Dr. Julie Damron

2 minutes reading time (373 words)

Don’t let your pet get into a sticky situation with Gorilla Glue

Curious dogs can be harmed by Gorilla Glue

Gorilla Glue toxicity is a very serious problem, and can rapidly end your companion’s life. Many people are not aware that this common household item could pose a health risk for their pets.

Gorilla Glue is a polyurethane material that is activated with moisture. Diphenylmethane Diisocyanate (MDI) is the active ingredient. When triggered, the foaming action allows this product to expand as needed to fill empty space as it cures. This is wonderful if you are using it for the intended purpose of holding items together; however, the results are hugely detrimental when Gorilla Glue is accidentally ingested by a curious canine.

As the sweet material is ingested and activated, it rapidly grows into a large mass, often expanding to the borders of the stomach. The acidity and warmth of this environment make this happen very quickly; and heat is produced during the reaction. The hardened material prevents food from entering or exiting the stomach. It typically can’t be vomited because it is too big to pass through the esophagus. As little as 2 ounces can cause a blockage in a medium sized dog.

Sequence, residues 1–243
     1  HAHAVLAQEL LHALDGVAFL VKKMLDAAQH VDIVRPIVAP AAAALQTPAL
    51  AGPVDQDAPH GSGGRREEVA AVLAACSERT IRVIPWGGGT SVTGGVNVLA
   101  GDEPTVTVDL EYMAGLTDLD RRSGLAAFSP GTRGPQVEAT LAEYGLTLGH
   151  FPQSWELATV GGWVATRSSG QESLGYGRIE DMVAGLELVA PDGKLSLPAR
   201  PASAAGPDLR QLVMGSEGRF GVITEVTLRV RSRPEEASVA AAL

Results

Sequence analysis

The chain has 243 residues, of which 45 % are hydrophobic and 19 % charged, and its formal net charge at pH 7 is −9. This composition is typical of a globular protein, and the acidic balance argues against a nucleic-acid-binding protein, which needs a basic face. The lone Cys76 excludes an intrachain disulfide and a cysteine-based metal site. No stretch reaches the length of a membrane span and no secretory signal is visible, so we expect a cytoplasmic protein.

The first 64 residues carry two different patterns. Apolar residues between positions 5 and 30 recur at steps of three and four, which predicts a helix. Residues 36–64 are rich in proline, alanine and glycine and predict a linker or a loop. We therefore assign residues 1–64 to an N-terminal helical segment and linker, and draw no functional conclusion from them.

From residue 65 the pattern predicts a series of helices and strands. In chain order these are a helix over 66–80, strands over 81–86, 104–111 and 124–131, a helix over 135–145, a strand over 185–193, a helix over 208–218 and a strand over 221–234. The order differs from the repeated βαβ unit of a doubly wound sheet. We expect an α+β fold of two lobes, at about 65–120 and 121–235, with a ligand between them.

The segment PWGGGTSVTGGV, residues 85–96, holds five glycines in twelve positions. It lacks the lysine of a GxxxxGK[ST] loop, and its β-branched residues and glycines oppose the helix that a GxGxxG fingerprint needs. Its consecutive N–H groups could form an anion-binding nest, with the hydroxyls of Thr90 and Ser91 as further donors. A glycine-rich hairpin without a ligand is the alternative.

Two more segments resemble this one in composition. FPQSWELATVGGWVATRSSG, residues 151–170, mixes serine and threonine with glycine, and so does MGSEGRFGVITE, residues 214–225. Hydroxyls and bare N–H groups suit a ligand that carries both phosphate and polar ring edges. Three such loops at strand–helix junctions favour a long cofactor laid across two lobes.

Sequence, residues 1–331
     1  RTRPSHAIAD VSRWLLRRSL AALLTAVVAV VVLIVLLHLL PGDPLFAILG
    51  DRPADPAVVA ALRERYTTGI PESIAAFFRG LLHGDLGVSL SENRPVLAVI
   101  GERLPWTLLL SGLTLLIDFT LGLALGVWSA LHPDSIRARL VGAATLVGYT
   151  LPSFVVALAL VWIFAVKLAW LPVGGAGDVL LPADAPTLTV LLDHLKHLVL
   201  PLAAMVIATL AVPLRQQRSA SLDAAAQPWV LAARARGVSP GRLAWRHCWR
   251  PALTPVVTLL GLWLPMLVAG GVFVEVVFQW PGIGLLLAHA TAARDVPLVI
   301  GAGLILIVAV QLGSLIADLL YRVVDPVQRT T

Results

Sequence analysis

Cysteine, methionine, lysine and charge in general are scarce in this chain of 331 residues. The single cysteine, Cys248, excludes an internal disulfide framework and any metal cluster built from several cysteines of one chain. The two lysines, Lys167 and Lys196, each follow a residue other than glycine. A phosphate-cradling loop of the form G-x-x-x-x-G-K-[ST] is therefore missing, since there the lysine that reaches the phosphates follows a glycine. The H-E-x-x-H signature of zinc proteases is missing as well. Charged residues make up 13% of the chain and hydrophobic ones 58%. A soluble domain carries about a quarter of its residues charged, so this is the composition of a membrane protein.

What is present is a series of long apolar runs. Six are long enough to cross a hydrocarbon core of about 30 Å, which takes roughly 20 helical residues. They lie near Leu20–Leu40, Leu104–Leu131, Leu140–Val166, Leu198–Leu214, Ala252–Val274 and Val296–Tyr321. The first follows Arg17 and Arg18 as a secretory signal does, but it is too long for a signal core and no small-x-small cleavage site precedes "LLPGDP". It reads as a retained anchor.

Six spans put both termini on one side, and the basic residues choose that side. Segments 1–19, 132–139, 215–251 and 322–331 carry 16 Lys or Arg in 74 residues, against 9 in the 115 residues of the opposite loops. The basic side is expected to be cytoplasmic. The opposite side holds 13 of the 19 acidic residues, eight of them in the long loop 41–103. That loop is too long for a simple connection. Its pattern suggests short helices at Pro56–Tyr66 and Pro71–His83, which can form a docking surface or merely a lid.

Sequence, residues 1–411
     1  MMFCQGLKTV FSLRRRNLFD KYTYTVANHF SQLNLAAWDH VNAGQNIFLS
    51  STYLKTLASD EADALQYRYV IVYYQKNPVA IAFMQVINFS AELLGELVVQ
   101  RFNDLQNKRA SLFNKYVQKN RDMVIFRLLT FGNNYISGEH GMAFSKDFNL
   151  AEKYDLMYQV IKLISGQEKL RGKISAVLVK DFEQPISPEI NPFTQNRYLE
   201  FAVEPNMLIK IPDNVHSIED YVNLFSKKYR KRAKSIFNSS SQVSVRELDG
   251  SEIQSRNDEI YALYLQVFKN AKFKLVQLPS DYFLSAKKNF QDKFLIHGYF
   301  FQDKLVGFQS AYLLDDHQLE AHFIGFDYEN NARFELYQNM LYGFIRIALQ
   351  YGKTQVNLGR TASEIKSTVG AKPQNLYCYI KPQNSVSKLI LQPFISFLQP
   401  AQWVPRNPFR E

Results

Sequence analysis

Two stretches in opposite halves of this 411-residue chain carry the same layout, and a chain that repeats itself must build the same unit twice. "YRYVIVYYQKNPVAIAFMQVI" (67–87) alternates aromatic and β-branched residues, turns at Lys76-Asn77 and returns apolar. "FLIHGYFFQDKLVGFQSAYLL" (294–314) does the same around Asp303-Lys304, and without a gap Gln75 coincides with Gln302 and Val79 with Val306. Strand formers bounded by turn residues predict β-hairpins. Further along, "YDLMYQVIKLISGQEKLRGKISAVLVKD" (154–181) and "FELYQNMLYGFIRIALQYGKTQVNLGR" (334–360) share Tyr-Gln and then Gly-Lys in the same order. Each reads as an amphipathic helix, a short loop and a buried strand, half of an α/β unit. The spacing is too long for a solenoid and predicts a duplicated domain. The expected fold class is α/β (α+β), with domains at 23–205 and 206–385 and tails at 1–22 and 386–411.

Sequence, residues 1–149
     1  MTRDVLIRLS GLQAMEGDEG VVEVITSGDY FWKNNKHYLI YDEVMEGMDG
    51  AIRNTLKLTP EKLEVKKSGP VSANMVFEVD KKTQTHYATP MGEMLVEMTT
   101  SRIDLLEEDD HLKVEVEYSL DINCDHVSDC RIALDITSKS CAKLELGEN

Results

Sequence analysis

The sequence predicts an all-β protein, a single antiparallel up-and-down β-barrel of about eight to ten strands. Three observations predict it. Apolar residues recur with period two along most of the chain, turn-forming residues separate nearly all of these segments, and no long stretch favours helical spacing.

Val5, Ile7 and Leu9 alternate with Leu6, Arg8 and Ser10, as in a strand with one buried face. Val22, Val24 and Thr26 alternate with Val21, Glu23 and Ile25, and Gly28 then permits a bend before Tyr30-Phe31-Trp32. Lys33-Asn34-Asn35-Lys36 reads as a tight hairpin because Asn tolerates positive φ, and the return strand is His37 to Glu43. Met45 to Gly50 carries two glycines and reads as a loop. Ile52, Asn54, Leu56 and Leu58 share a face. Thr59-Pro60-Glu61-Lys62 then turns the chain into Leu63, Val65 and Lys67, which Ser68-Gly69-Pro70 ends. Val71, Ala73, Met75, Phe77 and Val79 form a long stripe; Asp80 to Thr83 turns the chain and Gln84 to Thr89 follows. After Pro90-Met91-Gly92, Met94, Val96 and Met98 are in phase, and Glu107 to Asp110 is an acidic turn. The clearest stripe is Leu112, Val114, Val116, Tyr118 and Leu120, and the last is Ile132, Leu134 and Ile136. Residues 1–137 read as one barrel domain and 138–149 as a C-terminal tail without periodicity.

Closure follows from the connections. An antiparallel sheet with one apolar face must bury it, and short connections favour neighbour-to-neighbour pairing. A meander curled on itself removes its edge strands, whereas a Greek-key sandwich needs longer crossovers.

Symptoms can occur shortly after ingestion; but may take up to 24 hours to develop depending on how much product was consumed. Poor appetite and vomiting are the most typical signs. Canines may also show low energy and appear restless.

This toxicity is diagnosed based on the history of potential exposure, symptoms, and radiographs. Abdominal films can indicate a large space occupying mass in the stomach. Sometimes barium is needed to highlight the foreign body.

Surgery is the only treatment, and should be done as soon as possible. The glue is not digestible; and vomiting can’t and shouldn’t be induced at any time because it is worse to have this expanding material trapped in the esophagus or accidentally aspirated into the airways. The longer it is present, the more irritation that occurs along the stomach lining. Ulceration is a possibility, as are thermal burns. A ruptured stomach is also a potential if a large quantity of glue is consumed.

If you suspect your pet has ingested Gorilla Glue or another type of rapidly expanding adhesive, take him or her to your veterinarian or emergency clinic as soon as possible.

More cases of parvovirus than normal
Skunks can be a serious health threat to your pets

Related Posts



No comments made yet. Be the first to submit a comment
Already Registered? Login Here
Sunday, 26 January 2020

Website Contents © Sierra Veterinary Clinic
Unauthorized duplication or reposting of the contents of this site in any form is strictly prohibited.

Stockton Website Design by Brentwood Visual  |  Staff Login